The move towards fashionable, (rather than just functional) wearables continues too, with Bellabeat taking on the exciting world of fitness-tracking jewellery, and the Oura ring offering insights on multiple wellness statistics in miniature form.

Our own technology is also changing the shape of the wellbeing industry. While 3D printing isn’t that new - its practical application is. The food industry is starting to make strides in 3D printing - in Sweden, for example, local authorities are planning to 3D print food in care homes for the elderly recreating the original form of puréed food in order to disguise the fact it’s puréed - a great idea. We have taken the idea one step further and 3D-print on demand and to individual and personalised instruction. You can find out more about our unique process here.

Food & Drink

Nutritional trends are always evolving, whether they’re driven by celebrity chefs, fitness influencers or other cultural forces. While Instagram leads the way in delivering us into temptation through drool-worth imagery (like maple syrup ‘freakshakes’ and cheeseburger-pizza combos), the rise of good-looking healthy food is also prevalent. Today’s cookbooks and industry reports suggest younger generations are more interested in feeding themselves properly, both to look good and feel good.

The popularity of fat-based diets continues to rise, with the evils of carbohydrates and refined sugar being cursed regularly. Diets like ketogenic, paleo, and raw food are on the rise, focusing on high-fat, medium-protein, and low-carb balances to stabilise blood sugar and maintain healthy weight and energy levels.

Fitness influencers like Joe Wicks don’t prescribe restrictive diets though, instead encouraging people to cook generally healthy stuff for themselves alongside a regime of high-intensity training. Judging by his fans' before-and-after photos (and the size of Joe’s following) it seems to be working. Michael Pollan’s famous refrain applies to this outlook: “Eat food, mostly plants, not too much.”

One encouraging trend is that of attitudes towards alcohol, particularly amongst millennials and Gen-Z'ers: they’re drinking less than older generations.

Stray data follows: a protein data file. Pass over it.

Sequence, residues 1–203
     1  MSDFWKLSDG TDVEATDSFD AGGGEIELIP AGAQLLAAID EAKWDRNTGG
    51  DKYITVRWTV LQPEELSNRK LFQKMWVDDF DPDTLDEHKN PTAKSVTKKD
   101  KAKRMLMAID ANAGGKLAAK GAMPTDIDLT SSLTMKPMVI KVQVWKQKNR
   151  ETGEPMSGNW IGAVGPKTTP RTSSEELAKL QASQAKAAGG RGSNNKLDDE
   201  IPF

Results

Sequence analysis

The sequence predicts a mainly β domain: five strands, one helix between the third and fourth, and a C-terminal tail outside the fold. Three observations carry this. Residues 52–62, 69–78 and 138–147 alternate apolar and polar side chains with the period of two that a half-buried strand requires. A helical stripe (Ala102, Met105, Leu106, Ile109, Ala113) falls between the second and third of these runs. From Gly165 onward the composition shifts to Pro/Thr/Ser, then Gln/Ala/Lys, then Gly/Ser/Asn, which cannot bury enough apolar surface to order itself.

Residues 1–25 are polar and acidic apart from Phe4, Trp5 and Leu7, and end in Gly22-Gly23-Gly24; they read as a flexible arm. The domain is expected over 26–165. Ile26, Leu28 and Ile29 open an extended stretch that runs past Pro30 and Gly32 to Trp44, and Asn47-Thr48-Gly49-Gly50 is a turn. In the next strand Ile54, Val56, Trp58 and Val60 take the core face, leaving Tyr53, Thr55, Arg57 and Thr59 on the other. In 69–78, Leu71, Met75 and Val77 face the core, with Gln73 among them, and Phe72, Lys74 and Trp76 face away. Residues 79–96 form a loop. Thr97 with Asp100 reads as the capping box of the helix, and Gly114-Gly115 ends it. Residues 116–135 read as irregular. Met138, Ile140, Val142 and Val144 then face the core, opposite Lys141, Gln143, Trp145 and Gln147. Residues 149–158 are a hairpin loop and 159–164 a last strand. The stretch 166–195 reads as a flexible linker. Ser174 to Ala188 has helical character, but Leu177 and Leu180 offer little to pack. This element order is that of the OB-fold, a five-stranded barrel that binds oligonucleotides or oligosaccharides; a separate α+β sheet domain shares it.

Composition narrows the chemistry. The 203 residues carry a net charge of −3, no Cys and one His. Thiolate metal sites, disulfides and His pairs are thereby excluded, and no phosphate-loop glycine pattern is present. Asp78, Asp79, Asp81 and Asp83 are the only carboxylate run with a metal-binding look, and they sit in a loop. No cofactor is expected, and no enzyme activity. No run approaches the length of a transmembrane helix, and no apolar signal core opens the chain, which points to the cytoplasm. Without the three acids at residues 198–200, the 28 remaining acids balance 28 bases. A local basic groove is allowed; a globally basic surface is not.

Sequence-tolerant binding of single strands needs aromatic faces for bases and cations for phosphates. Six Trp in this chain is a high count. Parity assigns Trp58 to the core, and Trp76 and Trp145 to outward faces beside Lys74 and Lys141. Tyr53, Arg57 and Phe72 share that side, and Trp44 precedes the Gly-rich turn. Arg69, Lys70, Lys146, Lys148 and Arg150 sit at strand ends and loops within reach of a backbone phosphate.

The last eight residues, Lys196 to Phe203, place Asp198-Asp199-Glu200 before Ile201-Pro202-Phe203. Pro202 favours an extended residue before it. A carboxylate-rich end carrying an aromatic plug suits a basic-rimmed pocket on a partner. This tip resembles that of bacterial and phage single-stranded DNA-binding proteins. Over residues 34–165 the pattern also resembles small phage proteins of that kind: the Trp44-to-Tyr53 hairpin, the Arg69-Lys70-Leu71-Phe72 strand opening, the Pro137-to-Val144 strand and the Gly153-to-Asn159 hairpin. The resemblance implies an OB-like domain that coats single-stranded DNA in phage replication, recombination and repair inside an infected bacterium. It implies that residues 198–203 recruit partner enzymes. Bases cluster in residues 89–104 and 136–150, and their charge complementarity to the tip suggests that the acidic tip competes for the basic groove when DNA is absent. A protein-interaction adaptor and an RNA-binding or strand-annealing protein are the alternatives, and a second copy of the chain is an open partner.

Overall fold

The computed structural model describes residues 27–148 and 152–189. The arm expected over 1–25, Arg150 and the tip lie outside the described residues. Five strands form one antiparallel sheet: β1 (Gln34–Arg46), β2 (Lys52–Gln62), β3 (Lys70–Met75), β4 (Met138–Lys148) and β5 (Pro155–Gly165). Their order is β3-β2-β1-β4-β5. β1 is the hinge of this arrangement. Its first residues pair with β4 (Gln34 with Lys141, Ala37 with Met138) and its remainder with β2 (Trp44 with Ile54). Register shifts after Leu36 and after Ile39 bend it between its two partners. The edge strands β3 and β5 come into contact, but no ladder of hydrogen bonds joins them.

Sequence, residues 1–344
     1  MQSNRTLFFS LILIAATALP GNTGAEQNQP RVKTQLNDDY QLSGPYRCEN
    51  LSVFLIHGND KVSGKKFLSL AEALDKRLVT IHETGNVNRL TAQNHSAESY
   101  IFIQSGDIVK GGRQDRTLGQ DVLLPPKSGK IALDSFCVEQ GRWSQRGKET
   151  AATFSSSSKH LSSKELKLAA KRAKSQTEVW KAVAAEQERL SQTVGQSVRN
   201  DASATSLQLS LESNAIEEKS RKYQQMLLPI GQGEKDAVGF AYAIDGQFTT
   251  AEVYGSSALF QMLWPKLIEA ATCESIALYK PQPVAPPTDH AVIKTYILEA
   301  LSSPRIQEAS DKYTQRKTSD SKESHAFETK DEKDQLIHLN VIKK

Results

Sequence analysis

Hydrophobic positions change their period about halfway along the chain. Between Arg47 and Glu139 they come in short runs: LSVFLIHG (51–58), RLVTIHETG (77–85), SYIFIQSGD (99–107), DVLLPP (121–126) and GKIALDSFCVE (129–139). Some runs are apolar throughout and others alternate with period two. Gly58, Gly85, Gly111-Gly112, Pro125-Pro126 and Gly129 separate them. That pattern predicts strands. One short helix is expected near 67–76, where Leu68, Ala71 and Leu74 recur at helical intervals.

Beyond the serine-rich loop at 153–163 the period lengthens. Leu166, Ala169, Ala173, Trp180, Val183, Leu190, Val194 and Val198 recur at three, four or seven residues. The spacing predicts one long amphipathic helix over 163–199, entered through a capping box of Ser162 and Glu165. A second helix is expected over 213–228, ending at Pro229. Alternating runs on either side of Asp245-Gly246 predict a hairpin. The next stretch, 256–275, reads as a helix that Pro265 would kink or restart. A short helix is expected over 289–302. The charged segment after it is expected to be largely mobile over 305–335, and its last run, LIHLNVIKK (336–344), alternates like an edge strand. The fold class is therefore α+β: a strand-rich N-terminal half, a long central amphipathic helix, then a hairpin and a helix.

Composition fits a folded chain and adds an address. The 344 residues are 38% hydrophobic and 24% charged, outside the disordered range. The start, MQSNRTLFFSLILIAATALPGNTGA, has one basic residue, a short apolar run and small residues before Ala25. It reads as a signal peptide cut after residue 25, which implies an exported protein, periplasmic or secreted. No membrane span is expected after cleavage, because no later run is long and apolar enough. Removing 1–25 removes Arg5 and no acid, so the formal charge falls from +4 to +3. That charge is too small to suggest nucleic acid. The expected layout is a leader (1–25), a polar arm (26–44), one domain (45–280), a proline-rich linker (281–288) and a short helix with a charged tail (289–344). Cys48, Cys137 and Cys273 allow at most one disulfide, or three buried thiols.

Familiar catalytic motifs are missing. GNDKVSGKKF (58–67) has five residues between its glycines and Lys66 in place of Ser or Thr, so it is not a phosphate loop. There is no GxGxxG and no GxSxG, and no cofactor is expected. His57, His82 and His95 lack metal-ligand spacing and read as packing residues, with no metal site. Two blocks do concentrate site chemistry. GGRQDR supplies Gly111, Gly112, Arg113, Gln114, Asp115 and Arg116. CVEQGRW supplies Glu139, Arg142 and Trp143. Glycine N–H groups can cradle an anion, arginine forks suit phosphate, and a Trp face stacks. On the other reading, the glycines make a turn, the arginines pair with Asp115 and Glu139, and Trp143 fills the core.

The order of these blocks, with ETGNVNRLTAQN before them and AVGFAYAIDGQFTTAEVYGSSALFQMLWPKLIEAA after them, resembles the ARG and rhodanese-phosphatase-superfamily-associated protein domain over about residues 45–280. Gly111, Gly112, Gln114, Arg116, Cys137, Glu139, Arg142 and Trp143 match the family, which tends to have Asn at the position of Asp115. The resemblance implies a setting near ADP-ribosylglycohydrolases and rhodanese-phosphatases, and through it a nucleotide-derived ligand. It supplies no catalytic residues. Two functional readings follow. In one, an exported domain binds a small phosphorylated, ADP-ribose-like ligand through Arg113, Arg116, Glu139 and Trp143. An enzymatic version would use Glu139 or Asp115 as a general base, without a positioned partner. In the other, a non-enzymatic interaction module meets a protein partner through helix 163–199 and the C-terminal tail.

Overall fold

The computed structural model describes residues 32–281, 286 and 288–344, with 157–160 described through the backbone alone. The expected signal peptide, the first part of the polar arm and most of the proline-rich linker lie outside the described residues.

Pubs are closing too, but other forms of social spaces are thriving, such as coffee shops, gyms and grown-up activities. There’s an expanding range of no- and low-alcohol drinks too, for the social drinker who wants to avoid the hangover.


As we continue to unearth new discoveries about the body’s movement and physiological needs, trends in fitness evolve to suit them.

A few years back, the predominant lifestyle choice was to go to the gym in the morning, work out for an hour, then drive to the office and sit down for eight hours. We’re gradually moving away from that school of thought, as long periods of sitting down are now known to do significant damage to our overall fitness levels, postural health, and cognitive potential. Some even go so far as to say “sitting is the new smoking.”

Thought leaders like Kelly Starrett and Katy Bowman recommend a wholly new philosophy based on constant ‘micro-movements’ throughout the day. These biomechanists suggest standing up once every twenty minutes, going for lots of walks, and intentionally flexing and moving even while sitting down to type.

Along these lines, the emergence of the standing desk has truly shaped office culture, with more and more workspaces (especially progressive, startup-friendly coworking spaces like WeWork) adding them to working environments. Studies suggest they have a really beneficial effect on reducing neck & back pain, and improving overall mood and energy levels.

Gyms are starting to become more specialised, too. Boutique gyms are becoming more popular, with spaces such as bootcamp basements, boxing clubs, and spinning studios opening up around the country. These institutions tend to be a bit more exclusive and expensive, but generally foster a tighter-knit community than multipurpose chain gyms.

Finally, for those that want to work out in the comfort of their own surroundings, the home workout is making a comeback. Peloton is leading the way with its stationary cycle that links groups of riders together in a virtual class, and Fiit.tv is building a live-streaming fitness class empire.

Keeping up with every new idea is impossible - but there’s so much informed innovation in the health and wellness space that it’s definitely worth taking a quick look from time to time, you may well find just the thing that suits you perfectly.